In 2014, Facebook (now Meta) purchased messaging app WhatsApp for $22 billion USD. This was a record-breaking deal even for cash-rich Silicon Valley, and remains among the largest tech acquisitions in history. Sequoia Capital, WhatsApp’s only venture investor, emerged as a big winner from this transaction – it turned its $60 million USD investment into over $3 billion USD, equivalent to a roughly 50x return.
Over the past two decades, technological innovation has reshaped many industries and changed the way we live. The emergence of tech companies valued at hundreds of billions of dollars has sparked tremendous growth in private equity (PE) and venture capital (VC) as an asset class. In fact, both PE and VC have grown at an average rate of 10% per year since the year 2000, with some strategies within the industry growing at double that rate.
So, how do PE and VC investments work, and why should AIs consider investing in this asset class?
Private equity is a type of alternative investment, where investors buy directly into companies that aren’t listed on the public markets. Venture capital is one form of PE that focuses on providing funding to startups and small businesses.
Over the past two decades, PE and VC have outperformed investments in the stock markets and other private assets such as real estate and private debt.
Institutional and high net worth investors tend to have allocations to PE within their portfolios, because of its potential to provide higher expected returns and lower volatility.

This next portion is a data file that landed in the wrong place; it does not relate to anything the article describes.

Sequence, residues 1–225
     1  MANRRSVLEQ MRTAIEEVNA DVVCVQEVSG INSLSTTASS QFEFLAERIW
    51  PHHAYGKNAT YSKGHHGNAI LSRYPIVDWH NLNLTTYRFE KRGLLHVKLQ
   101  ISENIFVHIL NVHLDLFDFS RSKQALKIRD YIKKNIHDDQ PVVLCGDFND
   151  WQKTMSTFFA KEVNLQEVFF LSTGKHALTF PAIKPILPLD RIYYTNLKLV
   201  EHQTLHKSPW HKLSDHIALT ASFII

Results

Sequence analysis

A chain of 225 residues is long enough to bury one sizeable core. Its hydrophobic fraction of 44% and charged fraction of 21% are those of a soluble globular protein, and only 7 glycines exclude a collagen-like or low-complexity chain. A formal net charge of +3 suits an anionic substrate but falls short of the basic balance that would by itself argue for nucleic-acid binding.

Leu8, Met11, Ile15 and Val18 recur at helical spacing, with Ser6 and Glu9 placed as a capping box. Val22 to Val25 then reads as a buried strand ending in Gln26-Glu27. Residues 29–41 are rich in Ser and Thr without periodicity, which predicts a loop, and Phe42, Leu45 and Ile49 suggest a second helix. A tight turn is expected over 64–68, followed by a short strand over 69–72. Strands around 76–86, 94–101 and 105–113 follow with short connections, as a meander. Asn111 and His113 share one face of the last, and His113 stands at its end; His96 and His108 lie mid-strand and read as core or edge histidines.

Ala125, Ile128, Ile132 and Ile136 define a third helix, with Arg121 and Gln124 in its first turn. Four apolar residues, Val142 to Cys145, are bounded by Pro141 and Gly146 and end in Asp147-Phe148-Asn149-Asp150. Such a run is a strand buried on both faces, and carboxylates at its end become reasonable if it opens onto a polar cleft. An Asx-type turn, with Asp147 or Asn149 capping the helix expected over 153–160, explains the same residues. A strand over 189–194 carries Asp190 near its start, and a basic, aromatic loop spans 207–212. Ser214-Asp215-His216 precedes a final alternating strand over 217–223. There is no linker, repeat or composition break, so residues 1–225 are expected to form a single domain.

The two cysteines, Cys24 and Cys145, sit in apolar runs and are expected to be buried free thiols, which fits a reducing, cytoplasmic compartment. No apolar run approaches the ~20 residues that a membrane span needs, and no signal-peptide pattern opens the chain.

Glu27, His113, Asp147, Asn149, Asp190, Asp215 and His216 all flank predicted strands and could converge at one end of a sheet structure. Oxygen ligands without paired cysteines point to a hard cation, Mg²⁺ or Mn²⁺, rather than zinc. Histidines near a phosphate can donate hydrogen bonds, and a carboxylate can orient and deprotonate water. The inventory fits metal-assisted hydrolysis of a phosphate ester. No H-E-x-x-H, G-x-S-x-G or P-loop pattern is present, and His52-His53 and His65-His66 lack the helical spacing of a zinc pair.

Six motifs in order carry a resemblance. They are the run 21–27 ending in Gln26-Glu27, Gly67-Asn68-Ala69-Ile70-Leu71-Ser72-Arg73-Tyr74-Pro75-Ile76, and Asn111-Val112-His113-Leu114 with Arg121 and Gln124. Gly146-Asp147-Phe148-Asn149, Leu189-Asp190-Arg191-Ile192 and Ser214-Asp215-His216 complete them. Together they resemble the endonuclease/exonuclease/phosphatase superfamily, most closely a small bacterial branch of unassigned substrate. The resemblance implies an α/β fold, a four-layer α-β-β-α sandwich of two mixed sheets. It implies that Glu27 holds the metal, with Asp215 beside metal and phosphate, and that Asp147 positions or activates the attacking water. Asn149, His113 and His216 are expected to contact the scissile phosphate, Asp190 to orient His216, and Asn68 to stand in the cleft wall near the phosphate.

That said, it can take years for a PE fund to evaluate and improve the companies it’s invested in. So investors should expect longer holding periods before a PE investment sees a positive return.
Private equity is an “alternative investment” asset class. It refers to investments in companies that are not traded on a stock exchange. Venture capital is a specific strategy under the private equity umbrella which generally focuses on investments in startups.
Other private equity strategies include growth equity, which involves investments in more established, growing companies, and buyouts, which refer to investments in mature, usually publicly-traded companies, in order to take them private.
PE investments are usually organised through a fund. The fund manager, called the general partner, raises money from external investors, which are called limited partners. The general partner then also invests some money into the fund. Some well-known fund managers across the world include Sequoia Capital, Tiger Global, Carlyle, KKR, and Blackstone.
After raising the money, the general partner begins evaluating a large number of potential investments based on the strategy and target geography of the fund. PE funds usually evaluate hundreds of potential investments every year and end up investing in a very small number of companies. PE fund managers typically aim to invest the money within the first 5 years.